ADM3A – ancient dumb terminal

A very long time ago, on take your child to work day, I went to my mom’s office. I got some stickers for something, then I traded them for this dumb terminal (they were award points for something at the office). This is an ADM3A, from 1977. It is all discreet logic chips, no major integrated circuits. This terminal is where the HJKL navigation keys in vi come from (vi was written on one and those keys have arrows on them on its keyboard). It’s also where the ~ = home directory in unix comes from as well, the ~ key is also the home key.Image

About 8 years ago, I thought it’d be a fun challenge to get this thing on the internet. I found an old laptop with a serial port, put linux on it, and configured it to use the serial port as a console. I ended up getting it online, and on IRC and Google Talk.

I found this terminal again recently, and wanted to get it back online so I could snag a pic of it on retro.hackaday.com. Unfortunately, it didn’t seem to work anymore. I took a look at it, and the part that failed turned out to be the big clunking mechanical power switch. It had gotten dirty and corroded. I took the switch apart and cleaned it out, and now it works again. Amazing for almost 37 year old electronics.

This time, however, I didn’t have a laptop with a serial port handy, so I made a MAX232 serial adapter for a raspberry pi and hooked the pi up to the terminal. The serial adapter is just a typical MAX232 circuit, I pulled it right out of the datasheet, page 7. You can get these things on ebay for a couple bucks, but I had a couple MAX232 lying around and I figured I could put a header for the pi right on the board, instead of having to make an adapter cable. I only bothered to hook up the tx and rx lines, I skipped DTR and CTR. I used a standard serial port header like motherboards used to have for the serial connection, so I could easily swap between 25 pin serial (which the adm3a has) and 9 pin serial. I had a bunch of the serial port header cables on hand as well.

Here are a couple pictures of the adapter:

ImageImage

On the software side, the pi is running Wheezy. This serial terminal runs at a max speed of 19200 baud, but I went with 9600 baud (because it’s a common default). The pi had a lot of config for using a serial terminal at 115200 baud. I got most of my information from this article describing how to use the pi as a serial terminal and what to disable to prevent it being a serial host.

In /boot/cmdline.txt, I made sure console and kgdboc (kernel debugging) were set to the serial port on the header and to the right speed

console=ttyAMA0,9600 kgdboc=ttyAMA0,9600

In /etc/inittab, I changed the getty line for the serial port to the right speed, and defined the term as adm3a, since the adm3a predates the vt100, isn’t fully compatible, and has different control characters (e.g. the arrow keys on hjkl. the only way to delete characters is ^h).

#Spawn a getty on Raspberry Pi serial line
T0:23:respawn:/sbin/getty -L ttyAMA0 9600 adm3a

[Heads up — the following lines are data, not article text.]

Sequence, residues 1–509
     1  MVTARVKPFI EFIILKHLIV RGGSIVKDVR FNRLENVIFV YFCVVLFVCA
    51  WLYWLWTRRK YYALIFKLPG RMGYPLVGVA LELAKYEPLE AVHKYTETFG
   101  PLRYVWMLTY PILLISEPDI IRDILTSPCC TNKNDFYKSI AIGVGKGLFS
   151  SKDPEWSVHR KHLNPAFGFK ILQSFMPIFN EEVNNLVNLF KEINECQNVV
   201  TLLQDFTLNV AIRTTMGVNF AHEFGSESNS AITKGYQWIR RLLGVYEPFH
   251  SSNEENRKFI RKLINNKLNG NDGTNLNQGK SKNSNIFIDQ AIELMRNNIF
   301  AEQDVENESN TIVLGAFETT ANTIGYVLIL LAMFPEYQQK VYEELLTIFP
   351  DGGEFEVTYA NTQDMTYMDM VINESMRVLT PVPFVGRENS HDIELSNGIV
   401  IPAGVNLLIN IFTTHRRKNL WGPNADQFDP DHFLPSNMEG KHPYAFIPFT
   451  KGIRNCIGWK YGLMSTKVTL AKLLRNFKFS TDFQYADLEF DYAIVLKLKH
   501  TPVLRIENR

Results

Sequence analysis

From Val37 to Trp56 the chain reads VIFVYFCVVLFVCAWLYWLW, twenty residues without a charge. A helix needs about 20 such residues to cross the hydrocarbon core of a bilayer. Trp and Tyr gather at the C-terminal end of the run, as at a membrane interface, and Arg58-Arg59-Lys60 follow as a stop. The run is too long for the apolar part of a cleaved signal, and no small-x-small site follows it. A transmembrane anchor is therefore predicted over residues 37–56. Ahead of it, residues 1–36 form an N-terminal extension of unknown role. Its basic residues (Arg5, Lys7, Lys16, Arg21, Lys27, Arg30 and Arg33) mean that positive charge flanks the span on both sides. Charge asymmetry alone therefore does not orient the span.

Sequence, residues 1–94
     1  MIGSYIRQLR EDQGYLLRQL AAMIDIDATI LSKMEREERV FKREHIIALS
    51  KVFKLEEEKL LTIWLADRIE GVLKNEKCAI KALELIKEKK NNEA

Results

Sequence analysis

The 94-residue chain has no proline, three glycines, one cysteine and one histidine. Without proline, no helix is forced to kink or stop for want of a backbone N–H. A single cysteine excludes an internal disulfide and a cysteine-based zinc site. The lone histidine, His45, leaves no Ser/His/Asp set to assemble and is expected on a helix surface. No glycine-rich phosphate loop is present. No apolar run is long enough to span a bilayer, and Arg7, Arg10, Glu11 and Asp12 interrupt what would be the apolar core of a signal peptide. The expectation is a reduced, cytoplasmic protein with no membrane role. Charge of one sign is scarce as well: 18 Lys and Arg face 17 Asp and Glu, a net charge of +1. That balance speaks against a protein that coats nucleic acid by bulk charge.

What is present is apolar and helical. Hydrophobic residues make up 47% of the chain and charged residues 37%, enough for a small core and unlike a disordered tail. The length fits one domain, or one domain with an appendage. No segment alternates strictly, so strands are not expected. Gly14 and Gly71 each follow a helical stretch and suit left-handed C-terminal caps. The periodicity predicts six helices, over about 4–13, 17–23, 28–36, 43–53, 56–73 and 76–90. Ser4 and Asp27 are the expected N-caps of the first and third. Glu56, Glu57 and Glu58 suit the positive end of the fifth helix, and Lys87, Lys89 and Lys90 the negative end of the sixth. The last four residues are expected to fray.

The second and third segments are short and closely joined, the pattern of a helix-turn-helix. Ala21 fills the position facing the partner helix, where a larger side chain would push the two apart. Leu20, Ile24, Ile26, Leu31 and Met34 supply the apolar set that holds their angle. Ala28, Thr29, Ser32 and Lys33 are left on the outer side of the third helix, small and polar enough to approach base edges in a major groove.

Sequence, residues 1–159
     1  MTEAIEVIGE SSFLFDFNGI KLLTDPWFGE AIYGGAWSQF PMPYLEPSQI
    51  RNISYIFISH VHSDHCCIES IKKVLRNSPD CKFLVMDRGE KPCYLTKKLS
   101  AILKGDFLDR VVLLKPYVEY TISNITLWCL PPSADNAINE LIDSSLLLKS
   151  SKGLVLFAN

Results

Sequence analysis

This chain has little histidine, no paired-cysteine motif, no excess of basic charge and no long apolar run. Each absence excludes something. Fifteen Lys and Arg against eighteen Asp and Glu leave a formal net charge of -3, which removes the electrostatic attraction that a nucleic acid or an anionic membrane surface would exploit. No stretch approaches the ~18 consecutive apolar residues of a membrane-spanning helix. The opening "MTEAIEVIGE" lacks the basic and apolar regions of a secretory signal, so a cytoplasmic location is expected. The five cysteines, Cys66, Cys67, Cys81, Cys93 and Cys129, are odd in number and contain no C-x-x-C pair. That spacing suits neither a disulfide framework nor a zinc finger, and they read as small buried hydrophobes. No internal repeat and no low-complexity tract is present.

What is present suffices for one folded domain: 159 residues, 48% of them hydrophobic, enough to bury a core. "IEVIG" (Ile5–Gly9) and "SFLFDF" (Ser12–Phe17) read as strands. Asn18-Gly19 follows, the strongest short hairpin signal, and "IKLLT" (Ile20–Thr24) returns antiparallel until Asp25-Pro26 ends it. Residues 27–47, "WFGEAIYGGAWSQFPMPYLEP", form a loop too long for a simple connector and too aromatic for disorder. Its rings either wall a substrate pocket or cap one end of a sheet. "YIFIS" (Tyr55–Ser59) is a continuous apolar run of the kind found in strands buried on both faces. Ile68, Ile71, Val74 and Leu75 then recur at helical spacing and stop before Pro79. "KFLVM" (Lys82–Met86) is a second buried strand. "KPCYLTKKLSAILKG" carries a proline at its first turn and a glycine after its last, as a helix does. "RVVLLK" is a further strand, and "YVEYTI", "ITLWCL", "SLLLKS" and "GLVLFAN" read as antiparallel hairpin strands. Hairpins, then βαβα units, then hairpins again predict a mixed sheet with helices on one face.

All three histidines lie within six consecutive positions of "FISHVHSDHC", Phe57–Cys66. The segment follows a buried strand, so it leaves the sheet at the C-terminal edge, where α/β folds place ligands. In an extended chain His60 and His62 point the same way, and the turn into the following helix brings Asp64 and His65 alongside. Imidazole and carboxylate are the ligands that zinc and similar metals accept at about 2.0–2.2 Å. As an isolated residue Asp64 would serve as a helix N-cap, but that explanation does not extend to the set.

I added a TERMINFO location definition to my .bashrc

# set terminfo location to location with adm3a
TERMINFO=/usr/share/terminfo

I was a little surprised to find that Wheezy still includes terminfo definitions for terminals this old (and older). The terminfo directory is 6.5MB.

After these changes and a reboot, the pi printed its console correctly to the terminal, with lots of beeping too.
Some programs don’t run very well on the terminal, anything that tries to do color just has all of its control characters displayed on the screen. lynx was unusable without the correct terminal definition.

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  1. In case you don’t know, continue to take care of her; that particular terminal is fairly collectible among the vintage computing crowd (I’d love one for my Altair). This was great seeing it running – and on modern hardware to boot!

  2. A working terminfo-entry is:

    # Reconstructed via infocmp from file: /usr/share/terminfo/a/adm3a
    adm3a|lsi adm3a,
    am,
    cols#80, lines#24,
    bel=^G, clear=32$, cr=^M, cub1=^H, cud1=^J, cuf1=^L,
    cup=\E=%p1%’ ‘%+%c%p2%’ ‘%+%c, cuu1=^K, home=^^, ind=^J,
    kcub1=^H, kcud1=^J, kcuf1=^L, kcuu1=^K, rs2=^N,

    (use the tic(1) command to compile this into a working entry).

    The model on your photo is not a 1977 one; I would estimate it to be from the early eighties. I started my career on an ADM1a around 1975.
    Those terminals had more edges (and were upper-case only; that’s why the Linux terminaldriver still supports ‘stty lcase’ (although the current implementation is buggy).
    Later I bought hundreds of these ADM3a’s for my employer; the light blue ones were the early ones; soon they became two-tone brown.
    I still have a handful of them..

    hjt

    p.s. the manufacturer (Lear Siegler Corp) shipped them in big boxes displaying where the abbreviation comes from: American Dream Machine.

    • American Dream Machine, awesome!

      I cracked open the case again and took a look at the dates on the chips and the tube. The tube is from 76, and the 2nd newest chip I found was 7642, which is why I assumed 1977. The newest chip is 9311; I assume this is a replacement (done well), I’m thinking 93 is way newer than this thing could be. It’s the 2nd largest chip on the board.

  3. The original machine is older than me, awesome project.

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